Bread and Roses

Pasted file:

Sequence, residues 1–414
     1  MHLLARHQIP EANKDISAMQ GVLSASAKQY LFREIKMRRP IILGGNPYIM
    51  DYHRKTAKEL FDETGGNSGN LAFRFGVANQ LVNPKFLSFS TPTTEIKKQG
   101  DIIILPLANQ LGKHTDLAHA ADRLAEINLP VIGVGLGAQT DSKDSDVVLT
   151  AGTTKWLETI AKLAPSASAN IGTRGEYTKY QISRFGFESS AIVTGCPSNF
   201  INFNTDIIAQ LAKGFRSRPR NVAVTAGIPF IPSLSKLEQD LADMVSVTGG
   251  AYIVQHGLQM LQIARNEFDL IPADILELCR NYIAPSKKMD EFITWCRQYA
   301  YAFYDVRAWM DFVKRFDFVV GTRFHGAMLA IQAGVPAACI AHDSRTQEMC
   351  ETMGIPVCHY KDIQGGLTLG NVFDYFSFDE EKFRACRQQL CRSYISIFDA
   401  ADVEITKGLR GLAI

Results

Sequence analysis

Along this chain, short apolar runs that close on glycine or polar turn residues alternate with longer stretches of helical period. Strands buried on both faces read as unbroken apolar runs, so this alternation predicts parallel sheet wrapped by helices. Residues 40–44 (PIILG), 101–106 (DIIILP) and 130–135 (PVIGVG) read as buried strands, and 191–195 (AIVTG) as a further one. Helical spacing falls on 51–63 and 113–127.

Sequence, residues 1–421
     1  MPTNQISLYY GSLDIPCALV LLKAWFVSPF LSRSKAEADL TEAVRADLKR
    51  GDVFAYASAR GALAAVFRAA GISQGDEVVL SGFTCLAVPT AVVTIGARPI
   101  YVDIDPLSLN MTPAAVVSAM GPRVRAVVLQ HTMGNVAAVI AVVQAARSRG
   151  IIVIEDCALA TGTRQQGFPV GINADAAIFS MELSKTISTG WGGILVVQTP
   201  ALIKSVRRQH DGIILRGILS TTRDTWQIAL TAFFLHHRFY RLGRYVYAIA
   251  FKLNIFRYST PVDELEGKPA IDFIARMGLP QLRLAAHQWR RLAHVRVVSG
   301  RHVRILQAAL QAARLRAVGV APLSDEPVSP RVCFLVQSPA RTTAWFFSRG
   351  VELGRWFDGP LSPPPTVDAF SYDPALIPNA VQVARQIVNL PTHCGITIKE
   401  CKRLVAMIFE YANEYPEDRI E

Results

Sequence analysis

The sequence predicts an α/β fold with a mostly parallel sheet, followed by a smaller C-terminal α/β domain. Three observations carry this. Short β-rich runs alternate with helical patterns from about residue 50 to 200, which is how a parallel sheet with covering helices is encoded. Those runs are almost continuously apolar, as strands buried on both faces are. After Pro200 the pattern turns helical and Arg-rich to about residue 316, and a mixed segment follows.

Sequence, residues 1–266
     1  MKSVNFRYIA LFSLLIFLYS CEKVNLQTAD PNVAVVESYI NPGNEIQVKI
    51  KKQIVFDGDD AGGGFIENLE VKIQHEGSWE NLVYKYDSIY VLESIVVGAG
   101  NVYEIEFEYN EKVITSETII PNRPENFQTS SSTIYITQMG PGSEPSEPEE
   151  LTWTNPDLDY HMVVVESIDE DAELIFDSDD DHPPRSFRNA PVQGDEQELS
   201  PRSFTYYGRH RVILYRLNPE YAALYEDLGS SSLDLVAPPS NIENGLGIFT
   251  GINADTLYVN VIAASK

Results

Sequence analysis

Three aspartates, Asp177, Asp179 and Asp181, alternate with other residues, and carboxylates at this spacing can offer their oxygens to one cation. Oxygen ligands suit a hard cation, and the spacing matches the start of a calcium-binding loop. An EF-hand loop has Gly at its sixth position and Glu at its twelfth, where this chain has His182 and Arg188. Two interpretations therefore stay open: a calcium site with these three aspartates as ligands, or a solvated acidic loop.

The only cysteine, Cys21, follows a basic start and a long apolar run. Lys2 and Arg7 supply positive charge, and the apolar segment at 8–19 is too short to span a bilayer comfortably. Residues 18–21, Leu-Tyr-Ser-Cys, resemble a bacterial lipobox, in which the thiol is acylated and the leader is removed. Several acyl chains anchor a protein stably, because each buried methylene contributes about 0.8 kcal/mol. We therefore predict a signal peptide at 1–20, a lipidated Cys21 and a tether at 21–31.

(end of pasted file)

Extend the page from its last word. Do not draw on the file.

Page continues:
Time Out saysLoach's first North American film assumes a seriously unironic Latino perspective on the great economic divide. Maya (Padilla) has no sooner been ferreted across the border than the traffickers are seeking to exact their pound of flesh. She escapes and hooks up with sister Rosa (Carrillo), who reluctantly gets her a job as an office cleaner. Intelligent and forthright, Maya becomes involved first with Ruben, a colleague saving for college, then with Sam (Brody), a union activist. Loach's committed progressive agenda commands respect, and the film reminds us how unskilled workers in the States are routinely exploited - and of the extent to which they're ignored by the media in general and Hollywood in particular. Padilla makes a good fist of her first film role; Maya's idealism has an irrepressible flirty, impetuous side. It's a pity, though, that Loach and screenwriter Laverty are less interested in the character's emotional life than in her political education. For the one genuinely gripping dramatic confrontation comes between the two sisters, a searingly intimate argument which overshadows everything else in the movie.